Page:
Letters to the Editor

Vol. 8, No. 14
April 6-12, 2000
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Vultures Get a Bad Rap

Dear Bay Weekly:

I was glad to read in M. Thomas Pugh’s article “The Bird Man of Route 665” [March 16-22] that somebody is paying attention. I was concerned about vandalization of the vulture roost on Rt. 665. Like bats, vultures still have a bad image despite the beneficial things they do.

Most of the vultures in that roost are turkey, not black, vultures. Black vultures are southerners who’ve migrated up and now nest with turkey vultures, which are a little larger.

With either bird, it’s a good idea not to come too close unless they’re comfortable with you. When frightened, they’ll throw up on the source of the fright, and they do eat carrion. Mr. Williams is safer, since he feeds them fresh meat.

—Lloyd Tidings, Edgewater

Editor’s note: Tidings is an expert on snakes, spiders and other less popular creatures.

Animal Talk

Dear Bay Weekly:

The suggestion by Captain Al Freedman that Bill Burton teach his cat to answer the phone [Letters, March 23-29] is well founded. It is a well-established fact that Captain Freedman is an authority on animal communication.

Captain Al resides at the Maryland Yacht Club, where an on-going problem existed with ducks being strangled by fishing lines left on the docks by careless fishermen. One day, I had to rescue a duckling literally hanging by its neck in monofilament. Since Al was a club officer at the time, I suggested he take the problem up with the club board. His solution was quick and effective: “Tell the damn ducks to be more careful.”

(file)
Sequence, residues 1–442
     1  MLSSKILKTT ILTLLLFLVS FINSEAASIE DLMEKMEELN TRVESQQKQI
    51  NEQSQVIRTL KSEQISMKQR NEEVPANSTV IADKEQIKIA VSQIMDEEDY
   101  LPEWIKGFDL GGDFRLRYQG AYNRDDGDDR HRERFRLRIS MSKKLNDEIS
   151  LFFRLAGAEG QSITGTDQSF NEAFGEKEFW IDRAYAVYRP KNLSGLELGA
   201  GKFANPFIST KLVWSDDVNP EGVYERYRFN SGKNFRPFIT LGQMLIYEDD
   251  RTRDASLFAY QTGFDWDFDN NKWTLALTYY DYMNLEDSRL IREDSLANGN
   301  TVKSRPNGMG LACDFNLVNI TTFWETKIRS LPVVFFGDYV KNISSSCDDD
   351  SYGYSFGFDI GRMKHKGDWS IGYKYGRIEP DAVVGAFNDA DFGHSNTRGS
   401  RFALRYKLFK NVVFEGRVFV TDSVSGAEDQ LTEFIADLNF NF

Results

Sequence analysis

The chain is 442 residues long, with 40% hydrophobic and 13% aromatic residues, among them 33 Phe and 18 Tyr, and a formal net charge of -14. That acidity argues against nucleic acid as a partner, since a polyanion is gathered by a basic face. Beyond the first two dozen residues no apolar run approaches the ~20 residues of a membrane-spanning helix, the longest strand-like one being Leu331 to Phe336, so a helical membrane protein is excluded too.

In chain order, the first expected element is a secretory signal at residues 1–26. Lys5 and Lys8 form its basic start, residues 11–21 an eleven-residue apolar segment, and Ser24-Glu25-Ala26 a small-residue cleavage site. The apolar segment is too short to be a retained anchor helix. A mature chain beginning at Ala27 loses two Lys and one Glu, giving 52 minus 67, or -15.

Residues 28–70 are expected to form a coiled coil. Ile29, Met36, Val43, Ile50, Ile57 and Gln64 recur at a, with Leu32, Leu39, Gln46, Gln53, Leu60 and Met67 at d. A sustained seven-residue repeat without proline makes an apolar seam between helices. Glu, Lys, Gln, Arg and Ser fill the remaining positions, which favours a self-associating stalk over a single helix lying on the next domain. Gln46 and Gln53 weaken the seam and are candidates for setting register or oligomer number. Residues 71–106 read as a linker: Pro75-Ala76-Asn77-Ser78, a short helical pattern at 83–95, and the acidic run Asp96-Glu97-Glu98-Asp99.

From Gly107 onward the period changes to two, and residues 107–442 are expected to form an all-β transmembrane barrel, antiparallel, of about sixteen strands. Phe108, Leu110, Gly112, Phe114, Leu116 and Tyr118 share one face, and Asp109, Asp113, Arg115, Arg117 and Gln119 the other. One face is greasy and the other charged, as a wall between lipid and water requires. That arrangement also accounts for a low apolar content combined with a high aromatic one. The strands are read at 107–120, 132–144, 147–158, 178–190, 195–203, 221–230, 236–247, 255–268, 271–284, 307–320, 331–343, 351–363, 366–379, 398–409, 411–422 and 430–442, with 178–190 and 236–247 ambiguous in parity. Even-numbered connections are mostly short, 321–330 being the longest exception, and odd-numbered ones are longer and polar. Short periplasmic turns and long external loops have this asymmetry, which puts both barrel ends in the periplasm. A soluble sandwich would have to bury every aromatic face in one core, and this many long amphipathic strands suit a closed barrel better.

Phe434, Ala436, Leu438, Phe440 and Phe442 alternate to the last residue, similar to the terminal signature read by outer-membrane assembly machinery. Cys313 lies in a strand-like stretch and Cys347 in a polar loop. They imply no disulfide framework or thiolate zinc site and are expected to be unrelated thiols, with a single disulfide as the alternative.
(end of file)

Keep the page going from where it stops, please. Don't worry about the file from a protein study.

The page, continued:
—Irv M. Furman, Annapolis

Maryland Crabbers: An Endangered Species

Dear Bay Weekly:

We are so grateful for your wonderful coverage of our new bumper sticker “Pick Maryland Crabs” [“Down in the House: Locals Still Pick Maryland Crab” March 9-15].

As a historical group, the Shady Side Rural Heritage Society is dedicated to the preservation of traditions of the West River area, and our waterman’s museum, the Captain Salem Avery House Museum, embodies our relationship to the Bay. We are particularly concerned with the continuing loss of the waterman’s way of life. To that end, we created the bumper sticker in hopes that the play on words would bring increased attention to this endangered industry, which is our living history.

As Del. Dick D’Amato has noted, the market share for true Maryland crabs has dwindled by more than half in the last seven years, from 57 percent in 1993 to 27 percent in 1999. Crab temperament, processing woes and weather aside, we cannot overlook the fact that imported crabs cost less than half the local price per pound. As a consequence, local watermen were left with $5 million worth of unsellable crabs last fall, according to Larry Simns, president of the Maryland Waterman’s Association.

We believe in the importance of our history and value the traditions of the region. We hope your readers do, as well. The Bay. Crabs. Marylanders know how to pick them.

—Susan Savage, Co-President,
Shady Side Rural Heritage Society

Copyright 2000
Bay Weekly